Ambrose McEvoy, volumes containing photographs of oil paintings and watercolours

Scope and Content

The two volumes are titled 'Works of Ambrose McEvoy 1900-1919' and contain photographs of paintings by McEvoy. The volumes contain 163 photographs, the majority having been photographed by Paul Laib, most of the pictures photographed are portraits but some landscapes are included. The first volume contains photographs of oil paintings and the second volume watercolours. The front cover of both volumes bears the inscription 'Mary from The Wigses', it is believed Mary refers to McEvoy's wife and that the Wigses were Mr and Mrs Claude Johnson, with Claude Johnson being the editor of the volume. The volumes were part of a set of 16 copies which had been produced for private circulation only, this pair were the first of the 16 copies. Contained within the volumes is a list of works by McEvoy including details of the title and dimensions of works, the exhibition they were first shown at, the date finished, details of owners and the page number of the image of the work if it has been included in the volume. There are some annotations contained within the list recording details of changes in ownership and updates of name changes, i.e. the married names of female sitters, the annotations were possibly made by Mary McEvoy.

Administrative / Biographical History

Ambrose McEvoy (1878-1927) was born in Crudwell, Wiltshire, the elder son of Captain Charles Ambrose McEvoy and his wife Jane Mary. His father was an Irish-American mercenary who served in the Confederate army in the American Civil War, after his American service he settled in England. Captain McEvoy was a friend of James Abbott McNeill Whistler (whose brother had served with McEvoy in the Confederate army) and Whistler joined him in encouraging Ambrose McEvoy's ambition to become a painter.

At 15 McEvoy entered the Slade School of Fine Art in London, where he studied alongside Augustus John. In 1898 he embarked on an affair with John's sister and fellow painter Gwen John, who was devastated when McEvoy became engaged to fellow Slade student Mary Augusta Spencer Edwards (1870-1941) in 1900. They married in 1902 and had two children.

McEvoy exhibited his quietist and eclectic small paintings of figures in interiors at the New English Art Club from 1900. In 1909 he went to Dieppe with Walter Sickert and in the following years his painting began to show signs of the broader, looser treatment that characterised his later work. In 1915 he exhibited a portrait of his wife 'Madame' at the National Portrait Society, the positive reception it received led him to be in huge demand as a painter of fashionable women, including Consuelo, duchess of Marlborough and the actress Lillah McCarthy (NPG 5506).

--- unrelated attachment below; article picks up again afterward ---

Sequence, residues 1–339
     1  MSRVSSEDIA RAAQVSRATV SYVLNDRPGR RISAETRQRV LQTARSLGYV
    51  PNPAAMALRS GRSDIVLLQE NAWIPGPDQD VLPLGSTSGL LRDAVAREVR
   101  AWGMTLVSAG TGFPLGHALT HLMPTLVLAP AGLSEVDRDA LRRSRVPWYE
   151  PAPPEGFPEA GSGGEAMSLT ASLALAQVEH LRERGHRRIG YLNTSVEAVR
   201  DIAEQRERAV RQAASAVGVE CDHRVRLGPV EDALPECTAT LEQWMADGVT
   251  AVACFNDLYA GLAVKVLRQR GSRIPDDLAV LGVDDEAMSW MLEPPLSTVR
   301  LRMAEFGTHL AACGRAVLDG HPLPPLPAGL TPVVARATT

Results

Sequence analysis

McEvoy's principal patron was Claude Johnson, chairman of Rolls Royce, who commissioned his portrait of the aviator Sir John Alcock (NPG 1894). In 1920 McEvoy was invited to New York by American patrons, exhibiting works at the Duveen Galleries. At the peak of his career, McEvoy was painting up to 25 oil portraits a year. In 1924 he was elected an associate of the Royal Academy and a member of the Royal Society of Portrait Painters, while in 1926 he became an associate of the Royal Society of Painters in Water Colours. McEvoy died of pneumonia in January 1927; he was survived by his wife.

This biographical description is largely based on Martin Hardie, revised by Robin Gibson, 'McEvoy, (Arthur) Ambrose' Oxford Dictionary of National Biography, Oxford University Press, 2004; online edn, September 2004 [https://doi.org/10.1093/ref:odnb/34718, accessed 08 May 2018]

Access Information

Available to view by appointment in the Heinz Archive and Library Public Study Room, to make an appointment contact Archive Reception . Although records are generally available for public consultation, some information in them, such as personal data or information supplied to the Gallery in confidence, may be restricted.

Conditions Governing Use

Personal photography is permitted for research purposes only. Photocopying is not permitted.